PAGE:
This lecture examines the institution of Freudian psychoanalysis in an international frame, with reference to its inadequate engagement with urban poverty, as seen in the specific context of global cities in India. Using case studies, it will discuss literary and aesthetic representations of poverty in relation to India's psychoanalytic and psychiatric culture, as that culture is manifested in public attitudes toward the psychic life of the poor. The lecture presents research from the India chapter of Professor Mukherjee's third monograph, The Psychic Life of the Poor: A City Unseen in Mumbai, London, and New York.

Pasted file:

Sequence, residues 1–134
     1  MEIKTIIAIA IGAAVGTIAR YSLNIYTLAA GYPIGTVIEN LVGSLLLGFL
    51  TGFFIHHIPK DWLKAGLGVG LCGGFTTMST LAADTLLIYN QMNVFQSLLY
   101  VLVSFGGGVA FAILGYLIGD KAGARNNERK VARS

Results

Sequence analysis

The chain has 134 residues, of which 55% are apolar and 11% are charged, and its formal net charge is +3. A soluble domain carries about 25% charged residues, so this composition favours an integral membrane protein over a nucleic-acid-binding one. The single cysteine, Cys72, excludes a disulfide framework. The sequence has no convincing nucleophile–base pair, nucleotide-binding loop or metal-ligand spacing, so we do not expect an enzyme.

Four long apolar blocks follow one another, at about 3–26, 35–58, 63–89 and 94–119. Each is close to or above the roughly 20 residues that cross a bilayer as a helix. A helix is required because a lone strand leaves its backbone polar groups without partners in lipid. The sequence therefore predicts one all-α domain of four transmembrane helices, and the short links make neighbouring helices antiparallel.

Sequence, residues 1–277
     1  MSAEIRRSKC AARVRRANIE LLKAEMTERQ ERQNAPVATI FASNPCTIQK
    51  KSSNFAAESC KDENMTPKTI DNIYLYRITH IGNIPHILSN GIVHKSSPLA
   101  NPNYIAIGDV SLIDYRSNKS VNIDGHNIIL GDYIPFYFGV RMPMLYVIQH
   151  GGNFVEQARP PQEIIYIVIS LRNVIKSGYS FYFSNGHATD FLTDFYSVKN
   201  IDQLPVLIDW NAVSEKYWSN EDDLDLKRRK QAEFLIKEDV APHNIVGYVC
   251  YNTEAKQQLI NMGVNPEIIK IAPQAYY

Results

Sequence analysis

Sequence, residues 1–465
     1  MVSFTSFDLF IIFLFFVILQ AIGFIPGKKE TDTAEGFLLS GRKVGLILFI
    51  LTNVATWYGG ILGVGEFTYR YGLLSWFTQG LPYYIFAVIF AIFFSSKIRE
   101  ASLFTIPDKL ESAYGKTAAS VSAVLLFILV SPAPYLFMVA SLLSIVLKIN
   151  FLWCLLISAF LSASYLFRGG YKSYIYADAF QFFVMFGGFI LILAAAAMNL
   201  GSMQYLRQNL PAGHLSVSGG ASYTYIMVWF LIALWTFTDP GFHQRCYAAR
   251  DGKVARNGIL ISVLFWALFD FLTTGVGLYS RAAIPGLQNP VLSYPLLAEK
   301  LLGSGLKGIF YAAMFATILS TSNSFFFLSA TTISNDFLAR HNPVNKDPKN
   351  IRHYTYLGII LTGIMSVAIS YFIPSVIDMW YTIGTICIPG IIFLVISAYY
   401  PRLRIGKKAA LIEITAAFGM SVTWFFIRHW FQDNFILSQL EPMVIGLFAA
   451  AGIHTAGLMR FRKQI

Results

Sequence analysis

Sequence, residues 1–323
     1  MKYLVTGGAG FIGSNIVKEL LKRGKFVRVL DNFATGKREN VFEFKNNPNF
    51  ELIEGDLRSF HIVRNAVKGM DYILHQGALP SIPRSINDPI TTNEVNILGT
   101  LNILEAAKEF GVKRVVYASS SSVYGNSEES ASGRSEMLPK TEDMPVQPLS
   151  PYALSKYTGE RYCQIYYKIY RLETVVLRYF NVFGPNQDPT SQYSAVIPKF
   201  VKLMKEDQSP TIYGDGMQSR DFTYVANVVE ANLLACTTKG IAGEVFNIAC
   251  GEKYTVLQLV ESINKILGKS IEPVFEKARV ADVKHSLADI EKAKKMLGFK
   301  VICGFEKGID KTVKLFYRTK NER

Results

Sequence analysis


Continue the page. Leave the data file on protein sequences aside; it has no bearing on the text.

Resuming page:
Ankhi Mukherjee is Professor of English and World Literatures and a Fellow of Wadham College. Her first book is Aesthetic Hysteria: The Great Neurosis in Victorian Melodrama and Contemporary Fiction (Routledge, 2007). Her second monograph, What is a Classic? Postcolonial Rewriting and Invention of the Canon, published by Stanford University Press in 2014, won the British Academy Rose Mary Crawshay Prize in English Literature in 2015. Mukherjee has published on a wide range of topics in PMLA, MLQ, Contemporary Literature, Paragraph, Parallax and other peer-reviewed journals, and has co-edited A Concise Companion to Psychoanalysis, Literature, and Culture (Wiley-Blackwell, 2014). She is at work on two projects: her third monograph, The Psychic Life of the Poor: A City Unseen in Mumbai, London, and New York, which examines the relationship between psychoanalysis, race, and poverty in the context of global cities, and a collaborative volume, After Lacan, which she is editing for Cambridge University Press.